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Do the Red Wings Owe the City of Detroit $70 Million?

City documents indicate that the Red Wings could owe the soon-to-be-bankrupt city of Detroit a large sum in uncollected tax money.

Bruce Bennett

The Detroit News' Christine MacDonald put up an article today outlining an internal Detroit city audit that claims the Red Wings owe Detroit more than $70 million in unpaid back taxes and fees related to Olympia Holdings' lease of the Joe Louis Arena. Here are the basics:

A little-known provision in Olympia Entertainment's lease of city-owned Joe Louis Arena and Cobo Arena promises Detroit a 25 percent share of cable television rights for live events. That's been the deal since 1980, but Detroit hasn't been able to collect a dime, according to city documents obtained by The Detroit News.

One rough estimate from finance staffers last year estimated the city is owed $70 million, but a national sports economist cautioned it's likely much lower.


The debt is among many bills Olympia could owe the city.

Since its lease expired in 2010, the company hasn't paid millions of dollars for items such as rent, concessions and other revenue and property taxes, according to city documents obtained by The News.

In 2011, officials claimed the unpaid debt was $6 million that year, according to one city document.

MacDonald goes on to cover the issue very well, explaining that Ilitch Holdings is currently negotiating new lease terms with the city and that the unpaid amounts owed to the city as part of a continuation of an expired lease are included in the ongoing negotiations. I highly recommend reading the entire thing.

Also, in case you're wondering whether there may or may not be some Hollywood Accounting going on with the Red Wings' ownership, here's an interesting tidbit: When a city auditor discovered the complete lack of cable television payments from Olympia Entertainment, a company vice President, Robert Carr responded to the finding with a claim that it was because Olympia Entertainment never created any television dollars; instead, he claimed, the dollars being created belonged to the Red Wings.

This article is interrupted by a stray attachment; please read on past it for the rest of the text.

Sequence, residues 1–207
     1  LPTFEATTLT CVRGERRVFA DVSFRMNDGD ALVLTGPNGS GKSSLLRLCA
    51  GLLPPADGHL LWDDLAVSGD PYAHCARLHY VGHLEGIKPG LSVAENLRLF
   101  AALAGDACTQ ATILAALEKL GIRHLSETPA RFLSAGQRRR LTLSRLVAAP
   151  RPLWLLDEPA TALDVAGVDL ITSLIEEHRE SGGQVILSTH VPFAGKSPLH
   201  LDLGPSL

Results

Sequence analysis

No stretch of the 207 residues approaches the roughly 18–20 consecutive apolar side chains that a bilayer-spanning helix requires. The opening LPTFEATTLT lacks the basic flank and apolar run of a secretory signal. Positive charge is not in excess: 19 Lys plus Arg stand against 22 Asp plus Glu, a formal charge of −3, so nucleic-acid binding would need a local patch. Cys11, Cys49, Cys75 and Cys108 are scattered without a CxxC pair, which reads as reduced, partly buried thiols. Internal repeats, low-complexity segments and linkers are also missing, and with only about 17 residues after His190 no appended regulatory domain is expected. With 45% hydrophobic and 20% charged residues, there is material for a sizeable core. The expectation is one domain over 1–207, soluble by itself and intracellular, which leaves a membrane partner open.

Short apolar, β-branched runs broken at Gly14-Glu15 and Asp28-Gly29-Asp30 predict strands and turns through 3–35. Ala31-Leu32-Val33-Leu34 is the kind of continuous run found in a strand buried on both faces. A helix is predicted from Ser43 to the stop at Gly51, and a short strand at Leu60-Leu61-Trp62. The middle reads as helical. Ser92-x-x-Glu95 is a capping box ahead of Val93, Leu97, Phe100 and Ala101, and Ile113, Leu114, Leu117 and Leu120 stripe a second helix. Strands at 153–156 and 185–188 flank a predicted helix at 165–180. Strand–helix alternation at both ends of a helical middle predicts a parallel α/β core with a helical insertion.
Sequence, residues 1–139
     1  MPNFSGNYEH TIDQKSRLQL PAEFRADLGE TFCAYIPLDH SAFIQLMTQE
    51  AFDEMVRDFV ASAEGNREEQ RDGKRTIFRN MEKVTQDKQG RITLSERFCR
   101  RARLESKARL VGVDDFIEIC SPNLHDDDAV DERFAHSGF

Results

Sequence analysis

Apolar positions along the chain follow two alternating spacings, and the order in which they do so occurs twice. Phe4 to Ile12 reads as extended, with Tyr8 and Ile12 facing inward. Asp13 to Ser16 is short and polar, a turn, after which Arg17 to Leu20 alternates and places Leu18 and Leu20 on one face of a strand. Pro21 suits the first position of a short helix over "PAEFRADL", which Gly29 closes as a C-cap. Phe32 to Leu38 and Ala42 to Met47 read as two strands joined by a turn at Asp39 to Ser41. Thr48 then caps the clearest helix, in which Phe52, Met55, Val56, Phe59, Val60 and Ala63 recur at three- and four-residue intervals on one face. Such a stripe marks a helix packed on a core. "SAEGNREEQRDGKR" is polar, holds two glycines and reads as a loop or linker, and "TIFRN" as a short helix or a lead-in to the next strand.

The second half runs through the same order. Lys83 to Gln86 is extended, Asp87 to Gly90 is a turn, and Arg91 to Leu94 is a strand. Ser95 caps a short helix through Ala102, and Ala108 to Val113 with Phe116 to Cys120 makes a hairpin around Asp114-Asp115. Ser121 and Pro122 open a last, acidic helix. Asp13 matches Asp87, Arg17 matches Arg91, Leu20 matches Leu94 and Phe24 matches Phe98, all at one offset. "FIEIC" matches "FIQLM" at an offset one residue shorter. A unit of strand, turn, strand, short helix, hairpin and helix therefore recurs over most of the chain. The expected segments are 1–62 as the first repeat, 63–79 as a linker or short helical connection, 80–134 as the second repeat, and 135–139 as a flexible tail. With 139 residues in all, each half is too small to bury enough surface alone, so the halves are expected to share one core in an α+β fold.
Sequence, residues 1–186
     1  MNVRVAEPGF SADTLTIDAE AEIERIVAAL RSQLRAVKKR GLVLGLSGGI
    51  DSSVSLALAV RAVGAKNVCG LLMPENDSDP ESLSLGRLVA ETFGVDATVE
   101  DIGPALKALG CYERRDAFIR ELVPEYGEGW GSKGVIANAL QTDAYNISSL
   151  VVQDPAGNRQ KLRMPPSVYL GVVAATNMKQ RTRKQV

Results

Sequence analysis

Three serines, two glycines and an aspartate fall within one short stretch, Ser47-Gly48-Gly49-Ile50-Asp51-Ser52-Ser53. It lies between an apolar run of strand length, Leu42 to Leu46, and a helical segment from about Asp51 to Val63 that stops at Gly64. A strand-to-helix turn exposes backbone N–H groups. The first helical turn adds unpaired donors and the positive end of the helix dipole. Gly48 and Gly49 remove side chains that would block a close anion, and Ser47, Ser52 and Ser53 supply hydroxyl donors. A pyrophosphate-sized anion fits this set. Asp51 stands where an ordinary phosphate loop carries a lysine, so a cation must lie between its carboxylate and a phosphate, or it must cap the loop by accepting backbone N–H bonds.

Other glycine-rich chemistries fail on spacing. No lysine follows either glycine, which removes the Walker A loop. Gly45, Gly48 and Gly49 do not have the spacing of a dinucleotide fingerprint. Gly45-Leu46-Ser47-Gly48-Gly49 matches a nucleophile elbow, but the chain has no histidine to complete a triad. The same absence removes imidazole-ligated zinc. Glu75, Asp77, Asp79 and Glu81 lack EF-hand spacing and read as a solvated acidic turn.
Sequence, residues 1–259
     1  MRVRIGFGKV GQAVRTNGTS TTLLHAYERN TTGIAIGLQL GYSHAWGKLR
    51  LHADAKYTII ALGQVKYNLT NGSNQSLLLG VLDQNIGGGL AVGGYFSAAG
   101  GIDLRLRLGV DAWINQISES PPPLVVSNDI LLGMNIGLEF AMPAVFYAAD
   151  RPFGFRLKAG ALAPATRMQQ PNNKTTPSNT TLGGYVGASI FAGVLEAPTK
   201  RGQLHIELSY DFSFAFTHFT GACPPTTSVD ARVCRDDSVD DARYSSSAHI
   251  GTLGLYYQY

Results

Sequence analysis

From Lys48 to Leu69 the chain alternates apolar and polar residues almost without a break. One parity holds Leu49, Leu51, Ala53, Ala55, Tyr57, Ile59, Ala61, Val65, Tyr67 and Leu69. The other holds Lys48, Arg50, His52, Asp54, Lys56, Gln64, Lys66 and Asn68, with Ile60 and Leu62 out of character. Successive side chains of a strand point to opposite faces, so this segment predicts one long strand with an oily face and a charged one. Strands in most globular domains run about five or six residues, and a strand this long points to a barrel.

This is the fun part of the corporate finance world. Ilitch Holdings is the main parent company; they own both Olympia Entertainment and the Detroit Red Wings (as well as a bunch of other assets). Olympia Entertainment and the Detroit Red Wings are two completely separate companies. As they are legally separate, they "negotiate" sub-leases as they see fit. The Red Wings lease the Joe from Olympia Entertainment. I don't have either the Olympia lease from the city or the Red Wings lease from Olympia, but the indication from Carr's comments are that the Red Wings retained the rights to have their games televised, although the games are happening at an Olympia venue. Therefore, dollars coming in don't belong to Olympia and the city can't charge the 25% tax on that money as stipulated in the Joe Louis lease.

Can they do that? I don't know. Like I said, I don't have those leases and I lack the legal expertise to fully comprehend them even if I did. Ultimately, the City of Detroit was aware of this back in 2007; MacDonald indicates very little public discussion came from this and zero legal challenges from the City have done so either. Of course, as the city nears bankruptcy, questions like this are going to come to light (especially as those in charge try to continually attempt to dodge blame for problems and setbacks in the city's economic recovery).

Unfortunately, that's mostly what this entire situation feels like. I personally don't distinguish in leases made between sister companies when they're owned by the same parent and feel that any unpaid amounts pertaining to the television rights should be paid (as well as the other unpaid portions owed since the expiration of the Joe Louis lease in 2010), but there's a heavy dose of disappointment in the last-minute timing of these complaints when it seems that the larger part of this issue could have been resolved years ago.